a first electrically conductive layer sandwiched between said piezoelectric layer and said outer surface of said core, said first conductive layer being in surface contact with said core outer surface and with said piezoelectric layer inner surface;
a second conductive layer formed over said piezoelectric layer, said second conductive layer being in surface contact with said outer surface of said piezoelectric layer; and
a reversibly inflatable balloon coaxially surrounding said transducer.
14. A disposable ultrasound transducer sheath for removable attachment at a particular location to the shaft of a medical diagnostic instrument, comprising:
an annular piezoelectric layer having an inner and outer surface aligned to an axis, said piezoelectric layer being at least one of resilient and flexible;
a first electrically conductive layer in surface contact with said piezoelectric layer inner surface; and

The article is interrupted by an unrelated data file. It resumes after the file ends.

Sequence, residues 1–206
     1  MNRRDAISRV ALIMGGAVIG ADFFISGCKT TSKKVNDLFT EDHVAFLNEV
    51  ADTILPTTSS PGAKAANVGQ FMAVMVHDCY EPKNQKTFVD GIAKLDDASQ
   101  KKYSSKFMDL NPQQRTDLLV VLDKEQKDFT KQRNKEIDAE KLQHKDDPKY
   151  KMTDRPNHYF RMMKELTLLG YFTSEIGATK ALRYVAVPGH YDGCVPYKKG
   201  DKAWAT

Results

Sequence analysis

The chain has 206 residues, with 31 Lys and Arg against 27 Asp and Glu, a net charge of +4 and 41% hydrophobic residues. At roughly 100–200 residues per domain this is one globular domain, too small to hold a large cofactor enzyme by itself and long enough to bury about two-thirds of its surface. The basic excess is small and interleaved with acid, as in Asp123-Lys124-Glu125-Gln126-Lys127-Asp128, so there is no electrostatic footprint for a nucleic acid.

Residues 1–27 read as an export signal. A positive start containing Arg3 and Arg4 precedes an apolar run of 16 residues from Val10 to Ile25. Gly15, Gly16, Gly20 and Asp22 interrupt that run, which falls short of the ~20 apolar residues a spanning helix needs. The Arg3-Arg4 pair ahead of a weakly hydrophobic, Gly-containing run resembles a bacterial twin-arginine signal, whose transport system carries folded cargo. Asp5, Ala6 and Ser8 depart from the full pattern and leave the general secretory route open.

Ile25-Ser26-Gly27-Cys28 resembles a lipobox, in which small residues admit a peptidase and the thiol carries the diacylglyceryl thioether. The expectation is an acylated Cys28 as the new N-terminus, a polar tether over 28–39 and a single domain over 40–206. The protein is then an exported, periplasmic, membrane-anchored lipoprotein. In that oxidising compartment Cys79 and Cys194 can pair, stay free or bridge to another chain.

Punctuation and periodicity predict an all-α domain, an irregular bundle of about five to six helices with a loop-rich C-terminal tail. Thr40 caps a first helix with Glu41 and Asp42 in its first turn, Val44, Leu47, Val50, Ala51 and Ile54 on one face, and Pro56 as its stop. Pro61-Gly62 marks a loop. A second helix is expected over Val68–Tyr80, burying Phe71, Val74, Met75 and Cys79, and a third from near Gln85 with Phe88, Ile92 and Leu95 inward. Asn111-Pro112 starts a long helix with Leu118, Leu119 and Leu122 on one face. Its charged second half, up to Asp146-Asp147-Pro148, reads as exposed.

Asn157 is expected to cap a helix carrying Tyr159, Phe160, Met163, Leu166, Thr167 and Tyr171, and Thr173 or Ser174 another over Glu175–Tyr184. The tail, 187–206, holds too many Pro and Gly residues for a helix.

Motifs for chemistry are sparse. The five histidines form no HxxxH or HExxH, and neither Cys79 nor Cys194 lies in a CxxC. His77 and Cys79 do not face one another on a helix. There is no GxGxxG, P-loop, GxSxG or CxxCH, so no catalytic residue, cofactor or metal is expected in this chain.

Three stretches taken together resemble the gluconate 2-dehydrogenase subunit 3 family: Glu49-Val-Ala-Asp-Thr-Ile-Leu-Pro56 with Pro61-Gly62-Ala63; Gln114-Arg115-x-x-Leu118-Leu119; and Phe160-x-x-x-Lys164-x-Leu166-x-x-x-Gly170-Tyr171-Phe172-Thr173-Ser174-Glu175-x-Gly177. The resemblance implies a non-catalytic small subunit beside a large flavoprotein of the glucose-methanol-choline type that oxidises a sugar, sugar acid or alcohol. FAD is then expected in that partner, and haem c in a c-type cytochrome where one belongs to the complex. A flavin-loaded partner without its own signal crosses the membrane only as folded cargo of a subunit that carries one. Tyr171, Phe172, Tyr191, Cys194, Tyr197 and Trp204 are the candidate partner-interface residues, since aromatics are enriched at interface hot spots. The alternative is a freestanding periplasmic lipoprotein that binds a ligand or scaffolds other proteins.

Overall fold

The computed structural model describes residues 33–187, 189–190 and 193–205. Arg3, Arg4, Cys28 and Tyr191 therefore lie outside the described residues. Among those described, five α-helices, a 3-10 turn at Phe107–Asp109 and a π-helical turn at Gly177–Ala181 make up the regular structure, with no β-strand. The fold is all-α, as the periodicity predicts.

a second conductive layer formed over said piezoelectric layer, said second conductive layer being in surface contact with said outer surface of said piezoelectric layer, one of said first and second conductive layers substantially continuously contacting the adjacent piezoelectric layer surface, and the other one of said conductive first and second layers includes a plurality of conductive strips aligned with said axis and separated one from the other, said conductive strips being in contact with said piezoelectric layer.
15. A disposable ultrasound transducer sheath as in claim 14, wherein said piezoelectric element is formed of polyvinylidene fluoride.